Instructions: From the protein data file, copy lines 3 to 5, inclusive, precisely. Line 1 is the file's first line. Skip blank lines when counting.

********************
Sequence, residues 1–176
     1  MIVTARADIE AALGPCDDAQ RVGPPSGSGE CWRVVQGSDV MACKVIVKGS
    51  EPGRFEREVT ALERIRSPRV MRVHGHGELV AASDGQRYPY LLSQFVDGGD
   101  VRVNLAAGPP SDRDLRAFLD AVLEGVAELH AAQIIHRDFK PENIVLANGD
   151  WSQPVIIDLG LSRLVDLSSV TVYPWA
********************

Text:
    51  EPGRFEREVT ALERIRSPRV MRVHGHGELV AASDGQRYPY LLSQFVDGGD
   101  VRVNLAAGPP SDRDLRAFLD AVLEGVAELH AAQIIHRDFK PENIVLANGD
   151  WSQPVIIDLG LSRLVDLSSV TVYPWA